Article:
There is a difference of opinion about the date of the 
upper part of the choir. Viollet-le-Duc observes that 
the lower part of the walls of the choir and of half the 
nave is of unusually massive construction up to the level 
of the aisle vaults, and that above that level the con- 
struction suddenly becomes much slighter. At this point 
he believes that funds ran short, and that work was 
suspended from 1230 to 1240 and then begun again; 
but that the choir was not finished till nearly a hundred 
years later, during which period succeeding builders 
followed loyally the design of the original architect ^ 
Against this view is urged the improbability of the 
Chapter waiting a century for their choir, the record in 
the chronicle of S. Nicaise that the canons occupied the 

1 M. Demaison calculates the careers of these architects thus: Jean 
d'Orbais 1211-1231, Jean le Loup 1231-1247, Gaucher de Reims 1247-1255, 
and Bernard de Soissons 125 5-1 290. But, as he says, this depends on the 
date of the labyrinth being correctly placed about 1290. It allows also an 
interval of three years between Jean le Loup and Gaucher. The inscription 
giving the number of years occupied by Jean d'Orbais was unfortunately 
illegible when the copy of the labyrinth was made. 

^ C'est ce qui donne a cet edifice un caractere d'unite si remarquable, 
quoiqu'il ait fallu un siecle pour conduire le travail jusqu'aux voutes hautes. 
Diet. Rais. vol. ll. p. 321. 


choir in 1241, and the portrait in the glass of the choir Reims 
clerestory of Archbishop Henri de Braine who died in 

In the sketch-book of Wilars de Honecort are five wiiarsde 
sheets of drawings of Reims cathedral. That showing drawings 
an inside and outside elevation of a bay, apparently of 
the choir, represents it as still incomplete : the vault 
and the flying buttress are absent, and there is only the 
base of the pier from which the flyer would spring. But 
unhappily we do not know the date of Wilars' visit, 
which is variously placed in 1235, 1244, and 1250. The 
sketches differ so widely from the actual building that 
M. Lassus imagines them to be copies from working 
drawings made by Wilars during the suspension of the 
work after 1231. Professor Willis, with more probability, 
thinks allowance must be made for the sketchy draughts- 
manship of the time, and points out many inaccuracies 
in Wilars' drawings of the chapels and other parts which 
we know were certainly finished at his visit, and before 
his eyes\ Everything seems to show there was a change 
of architect about 1231, when we may suppose Jean Change of 
d'Orbais died ; after which the work was carried on by 
his successor, apparently Jean le Loup, till in 1241 the 
choir was roofed in though perhaps not yet vaulted, 
and was available for service. The completion of the 
vaults and of the nave, except the four last bays, 
proceeded as funds came in, and these four bays with 
most of the west front were finished towards the end of 
the 13th century. 

The ground plan is simple (Fig. 44). In the nave The plan 
the double aisle of vQhartr^" and Paris is abandoned, and 
as there are no chapels between the buttresses the flank 

> Willis, op. cit. p. 220, etc. 


Reims ' 

Fig. 44. (V.-le-Duc.) 

Plate XXIV 


fi - 

■. is , *, 



Plate XXV 

M> A 

*^^*' H^4M/lh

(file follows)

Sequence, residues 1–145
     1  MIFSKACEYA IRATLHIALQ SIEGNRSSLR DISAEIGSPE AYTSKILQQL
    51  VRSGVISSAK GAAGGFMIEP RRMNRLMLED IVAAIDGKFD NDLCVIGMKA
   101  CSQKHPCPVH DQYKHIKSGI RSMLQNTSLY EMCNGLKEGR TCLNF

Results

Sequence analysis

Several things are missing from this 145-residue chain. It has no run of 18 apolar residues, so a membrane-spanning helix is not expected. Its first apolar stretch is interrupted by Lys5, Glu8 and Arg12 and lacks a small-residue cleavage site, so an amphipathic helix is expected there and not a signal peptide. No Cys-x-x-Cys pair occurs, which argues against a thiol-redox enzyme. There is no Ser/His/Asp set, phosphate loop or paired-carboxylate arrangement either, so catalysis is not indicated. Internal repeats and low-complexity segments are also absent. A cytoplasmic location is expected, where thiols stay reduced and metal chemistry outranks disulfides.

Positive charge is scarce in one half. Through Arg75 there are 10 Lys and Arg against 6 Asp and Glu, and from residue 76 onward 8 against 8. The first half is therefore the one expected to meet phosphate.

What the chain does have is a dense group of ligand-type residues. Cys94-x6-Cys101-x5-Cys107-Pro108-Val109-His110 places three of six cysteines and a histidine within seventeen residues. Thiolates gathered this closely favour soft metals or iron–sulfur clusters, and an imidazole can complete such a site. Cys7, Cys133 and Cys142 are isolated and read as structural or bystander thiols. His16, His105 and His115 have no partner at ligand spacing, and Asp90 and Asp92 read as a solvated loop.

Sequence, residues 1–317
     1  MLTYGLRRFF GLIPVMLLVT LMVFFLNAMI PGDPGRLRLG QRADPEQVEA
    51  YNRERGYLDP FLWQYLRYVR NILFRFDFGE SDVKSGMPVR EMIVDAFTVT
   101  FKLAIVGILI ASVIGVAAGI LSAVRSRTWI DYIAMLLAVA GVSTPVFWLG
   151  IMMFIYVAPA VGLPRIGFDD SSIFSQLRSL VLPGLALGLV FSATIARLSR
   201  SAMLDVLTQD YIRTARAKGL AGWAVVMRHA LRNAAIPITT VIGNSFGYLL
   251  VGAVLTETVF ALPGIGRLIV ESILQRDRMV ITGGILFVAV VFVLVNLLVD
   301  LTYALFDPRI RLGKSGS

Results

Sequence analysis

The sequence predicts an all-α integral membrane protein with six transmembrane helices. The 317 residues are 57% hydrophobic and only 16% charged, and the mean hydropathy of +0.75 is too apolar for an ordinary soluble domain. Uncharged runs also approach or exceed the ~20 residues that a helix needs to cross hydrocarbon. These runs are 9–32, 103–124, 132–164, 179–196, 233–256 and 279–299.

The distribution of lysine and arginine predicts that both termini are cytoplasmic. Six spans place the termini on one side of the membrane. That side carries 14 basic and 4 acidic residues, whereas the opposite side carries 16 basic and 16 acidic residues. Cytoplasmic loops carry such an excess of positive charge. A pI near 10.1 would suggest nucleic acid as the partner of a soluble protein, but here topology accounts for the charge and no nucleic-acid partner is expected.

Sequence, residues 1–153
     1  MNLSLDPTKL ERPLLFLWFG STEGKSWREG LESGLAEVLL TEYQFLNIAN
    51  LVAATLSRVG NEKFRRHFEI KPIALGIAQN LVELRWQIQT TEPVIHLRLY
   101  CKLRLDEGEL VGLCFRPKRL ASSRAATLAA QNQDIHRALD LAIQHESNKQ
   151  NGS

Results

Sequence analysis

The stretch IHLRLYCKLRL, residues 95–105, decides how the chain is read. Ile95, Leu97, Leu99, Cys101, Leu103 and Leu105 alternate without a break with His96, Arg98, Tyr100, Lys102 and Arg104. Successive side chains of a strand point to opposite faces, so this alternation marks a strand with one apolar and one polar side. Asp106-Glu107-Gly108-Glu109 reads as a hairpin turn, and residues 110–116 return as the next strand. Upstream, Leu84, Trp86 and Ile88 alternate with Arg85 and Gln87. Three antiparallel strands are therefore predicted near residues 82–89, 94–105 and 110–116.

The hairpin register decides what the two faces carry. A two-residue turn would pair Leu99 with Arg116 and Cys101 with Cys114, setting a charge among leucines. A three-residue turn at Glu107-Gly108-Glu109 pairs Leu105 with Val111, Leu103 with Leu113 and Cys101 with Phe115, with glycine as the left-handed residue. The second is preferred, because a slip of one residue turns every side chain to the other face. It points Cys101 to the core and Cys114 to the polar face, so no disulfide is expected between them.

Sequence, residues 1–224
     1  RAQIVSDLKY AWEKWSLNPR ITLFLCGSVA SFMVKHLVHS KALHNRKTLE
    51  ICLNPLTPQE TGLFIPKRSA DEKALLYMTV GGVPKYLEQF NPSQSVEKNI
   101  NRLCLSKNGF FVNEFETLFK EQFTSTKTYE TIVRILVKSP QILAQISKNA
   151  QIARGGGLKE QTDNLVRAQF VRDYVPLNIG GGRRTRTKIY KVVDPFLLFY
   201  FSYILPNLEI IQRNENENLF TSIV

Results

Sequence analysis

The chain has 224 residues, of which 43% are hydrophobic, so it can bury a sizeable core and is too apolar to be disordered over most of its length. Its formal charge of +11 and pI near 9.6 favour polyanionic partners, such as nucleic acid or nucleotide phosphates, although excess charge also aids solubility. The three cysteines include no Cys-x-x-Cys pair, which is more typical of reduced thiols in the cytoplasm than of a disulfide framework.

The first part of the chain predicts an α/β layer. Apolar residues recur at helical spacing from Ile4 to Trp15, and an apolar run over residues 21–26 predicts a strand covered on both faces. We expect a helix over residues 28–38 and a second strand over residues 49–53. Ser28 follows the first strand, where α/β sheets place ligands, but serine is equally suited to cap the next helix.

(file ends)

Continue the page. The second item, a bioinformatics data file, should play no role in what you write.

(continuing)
of the church has a magnificent effect with its row of Reims 

, -11 I'll 1 cathedral 

massive buttress-piers below, and enriched stages above. 
A stern simpHcity reigns in the interior, which is very 
noble and impressive, especially in the apse with its 
cylindrical columns, and well-spaced arches( Plate X X H I ). 
The columns elsewhere are cylindrical with four attached 
colonnettes. The capitals are in two courses, marked in The 
the colonnettes alone by a necking in the middle. The '^^^^ ^ 
foliage is more advanced toward naturalism than that at 
Chartres or Paris, but in the choir it still retains some- 
thing of the stiffness, and artless arrangement of the 
earlier type ( Plate X X I V a). Ad vancing westward, how- 
ever, we find gradually increasing natural treatment in the 
nave (Plate XXIV b), the foliage being sometimes mixed 
with figures, as in the famous vintage capital. The last 
three capitals westward, belonging to the latest stage of 
the building operations, have foliage of 14th century 
character, crowded, confused, and inexpressive. The The bases 
difference is shown in their bases as well as in the 
capitals, for the quasi-Attic base of the other columns, 
like that at Paris (Fig. 22 c), with well-modelled toes at 
the angles, is exchanged for a simpler section without 
the scotia or hollow moulding. 

The vaulting throughout is quadripartite, the trans- The vaults 
verse rib being accentuated, and the arrangement of the 
construction is masterly, without the tentative efforts of 
previous examples. The ritual choir is projected into 
the first three bays of the choir westward of the transept, 
a local peculiarity which occurs also at S. Remy. Here 
it was probably occasioned by the great space needed at 
royal coronations, for it was at Reims that French kings 
were crowned. 

In the chapels of the choir chevet Jean d'Orbais has 



Fig. 45. (V.-le-Duc.) 


surpassed himself. They are incomparably the most Reims 
beautiful of their kind, and it would seem they made 
a great impression at the time they were built. Wilars 
de Honecort sketched them in his queer way both inside 
and out, and writes in the margin " This is how those at 
Cambrai must be if they are made right^" (Fig. 45). 
The development of the chevet with its radiating chapels, ;